A Blue Northern Mystery
Saturn's north pole retains its bluish hue in this true color Cassini image, even as northern winter is coming to an end.
The azure blue of Saturn's winter hemisphere during the early Cassini prime mission still remains a puzzle. Over the course of time, the blue color has faded and has been replaced with bands of other hues (see Saturn ... Four Years On).
The north pole is in shadow here, but a portion of its oscillating hexagonal pattern is visible. Storms create the look of a pockmarked surface.
Images taken using red, green and blue spectral filters were combined to create this natural color view. The images were acquired with the Cassini spacecraft wide-angle camera on Nov. 29, 2008 at a distance of approximately 1.098 million kilometers (683,000 miles) from Saturn and at a Sun-Saturn-spacecraft, or phase, angle of 38 degrees. Image scale is 62 kilometers (39 miles) per pixel.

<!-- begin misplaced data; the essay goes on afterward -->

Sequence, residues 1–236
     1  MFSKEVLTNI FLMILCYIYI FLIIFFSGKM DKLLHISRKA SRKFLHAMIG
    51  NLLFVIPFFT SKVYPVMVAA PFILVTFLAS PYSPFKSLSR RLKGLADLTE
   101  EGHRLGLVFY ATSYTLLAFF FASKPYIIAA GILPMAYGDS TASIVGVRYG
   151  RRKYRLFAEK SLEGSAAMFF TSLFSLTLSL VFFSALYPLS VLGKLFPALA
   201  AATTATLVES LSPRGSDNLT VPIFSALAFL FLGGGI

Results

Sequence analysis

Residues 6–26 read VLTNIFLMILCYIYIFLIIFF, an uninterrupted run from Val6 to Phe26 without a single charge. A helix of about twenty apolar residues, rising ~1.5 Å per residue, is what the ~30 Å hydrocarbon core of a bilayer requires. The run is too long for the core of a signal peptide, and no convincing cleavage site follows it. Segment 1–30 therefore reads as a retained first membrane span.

The Cassini-Huygens mission is a cooperative project of NASA, the European Space Agency and the Italian Space Agency. The Jet Propulsion Laboratory, a division of the California Institute of Technology in Pasadena, manages the mission for NASA's Science Mission Directorate, Washington, D.C. The Cassini orbiter and its two onboard cameras were designed, developed and assembled at JPL. The imaging operations center is based at the Space Science Institute in Boulder, Colo.
For more information about the Cassini-Huygens mission visit http://saturn.jpl.nasa.gov . The Cassini imaging team homepage is at http://ciclops.org .
Credit: NASA/JPL/Space Science Institute